Syria rebels push into capital
Syrian rebels have made a new push into Damascus, clashing heavily with troops in the rebellious suburbs of the capital and firing mortars at a presidential palace and a Palestinian refugee camp, activists said.
The regime stronghold of Damascus has seen a surge in violence this week with some of the fiercest clashes in months. In recent days, opposition fighters also stepped up assaults on high-ranking supporters of President Bashar Assad in the capital.
The rebels have also been trying to break the resistance of a pro-government Palestinian faction, which could drag the half a million Palestinian refugees in Syria into the civil war.
The new challenge from rebels in the capital comes as the US and Britain take steps to bolster the fragmented Syrian opposition. Prime Minister David Cameron said his government planned to change its policy and deal directly with opposition military leaders. Previously, Britain has had contacts only with exile groups and political opposition figures inside Syria.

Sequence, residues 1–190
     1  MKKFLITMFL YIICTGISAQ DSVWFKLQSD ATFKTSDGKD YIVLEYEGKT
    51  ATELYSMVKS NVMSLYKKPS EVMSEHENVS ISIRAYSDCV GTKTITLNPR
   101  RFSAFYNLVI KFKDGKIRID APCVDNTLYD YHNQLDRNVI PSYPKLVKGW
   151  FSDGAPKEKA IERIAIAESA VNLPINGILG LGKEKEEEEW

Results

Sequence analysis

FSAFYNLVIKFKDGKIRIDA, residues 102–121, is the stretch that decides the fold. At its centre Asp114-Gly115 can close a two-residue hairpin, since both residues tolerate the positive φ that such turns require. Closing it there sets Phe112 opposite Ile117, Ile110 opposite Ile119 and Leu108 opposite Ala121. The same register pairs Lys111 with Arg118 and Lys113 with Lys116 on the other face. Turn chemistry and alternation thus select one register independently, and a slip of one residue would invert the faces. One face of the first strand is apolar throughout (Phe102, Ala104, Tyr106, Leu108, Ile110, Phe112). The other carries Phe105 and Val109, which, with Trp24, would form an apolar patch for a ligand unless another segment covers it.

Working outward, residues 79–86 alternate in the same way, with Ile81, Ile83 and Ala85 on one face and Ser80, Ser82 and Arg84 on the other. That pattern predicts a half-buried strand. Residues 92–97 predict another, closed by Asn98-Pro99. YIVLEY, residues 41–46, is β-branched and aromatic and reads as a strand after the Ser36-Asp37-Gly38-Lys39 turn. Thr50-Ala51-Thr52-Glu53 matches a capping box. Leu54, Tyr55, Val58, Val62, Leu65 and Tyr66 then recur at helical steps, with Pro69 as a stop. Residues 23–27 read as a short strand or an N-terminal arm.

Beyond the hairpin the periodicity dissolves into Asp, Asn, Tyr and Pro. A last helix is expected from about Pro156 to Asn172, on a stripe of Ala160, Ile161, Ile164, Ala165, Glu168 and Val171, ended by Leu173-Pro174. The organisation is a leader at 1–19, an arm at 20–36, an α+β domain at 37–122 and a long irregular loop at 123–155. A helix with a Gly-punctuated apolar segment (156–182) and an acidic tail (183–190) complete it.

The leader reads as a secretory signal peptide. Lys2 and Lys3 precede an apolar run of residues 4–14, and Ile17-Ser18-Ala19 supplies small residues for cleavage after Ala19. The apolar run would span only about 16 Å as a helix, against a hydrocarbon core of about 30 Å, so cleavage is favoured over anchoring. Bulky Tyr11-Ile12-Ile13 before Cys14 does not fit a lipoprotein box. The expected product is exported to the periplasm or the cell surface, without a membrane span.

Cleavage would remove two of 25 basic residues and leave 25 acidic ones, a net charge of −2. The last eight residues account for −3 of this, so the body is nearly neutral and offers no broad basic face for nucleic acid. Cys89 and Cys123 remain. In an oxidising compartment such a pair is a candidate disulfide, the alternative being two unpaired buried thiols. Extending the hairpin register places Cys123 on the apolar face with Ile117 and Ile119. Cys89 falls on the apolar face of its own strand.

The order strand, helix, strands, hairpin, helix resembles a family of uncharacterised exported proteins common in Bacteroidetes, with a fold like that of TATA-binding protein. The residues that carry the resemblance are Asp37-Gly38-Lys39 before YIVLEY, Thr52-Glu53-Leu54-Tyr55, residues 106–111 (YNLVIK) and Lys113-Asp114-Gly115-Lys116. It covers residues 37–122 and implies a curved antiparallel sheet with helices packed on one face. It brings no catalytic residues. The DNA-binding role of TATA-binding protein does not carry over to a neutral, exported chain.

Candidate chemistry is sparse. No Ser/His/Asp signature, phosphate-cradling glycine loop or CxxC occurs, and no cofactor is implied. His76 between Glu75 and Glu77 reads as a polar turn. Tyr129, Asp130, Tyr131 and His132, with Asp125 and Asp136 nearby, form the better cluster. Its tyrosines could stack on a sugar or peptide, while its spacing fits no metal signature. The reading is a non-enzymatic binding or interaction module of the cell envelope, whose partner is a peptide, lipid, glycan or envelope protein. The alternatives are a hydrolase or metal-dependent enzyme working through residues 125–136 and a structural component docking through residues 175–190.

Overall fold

He urged newly re-elected US President Barack Obama to join Britain in opening direct talks with rebel fighters, and said they must do more to end the civil war that has killed more than 36,000, according to activists' tallies.
Rebels fired several mortar rounds at the Syrian president's residence in the Muhajireen district of in central Damascus, but failed to hit their mark, said Bassam al-Dada, an adviser to the commander of the Free Syrian Army, Col Riad al-Assad.
"This was a very special operation that was planned for a while," al-Dada said by telephone.
There are two presidential palaces in Damascus. One is located in Muhajireen district in the north-western part of Damascus, and is known as the Muhajireen Palace. The other residence is known as the People's Palace and it is located on Mount Qasioun, overlooking the capital.
Before the uprising began last year, Assad was known to spend much of his time at the Muhajireen Palace, although he used the sprawling compound on Qasioun mountain to receive dignitaries. Assad's current whereabouts are unknown, and the rebels' targeting of the palace was largely a symbolic strike on the Syrian leader's power.
The latest fighting was heaviest in the suburbs of Damascus, including in Ghouta and Harasta to the east of the capital, activists said. The Syrian military has been shelling another suburb, Beit Saham, with tanks and mortars, killing at least 18 people in that district alone, according to the Britain-based Syrian Observatory for Human Rights and the Local Coordination Committees.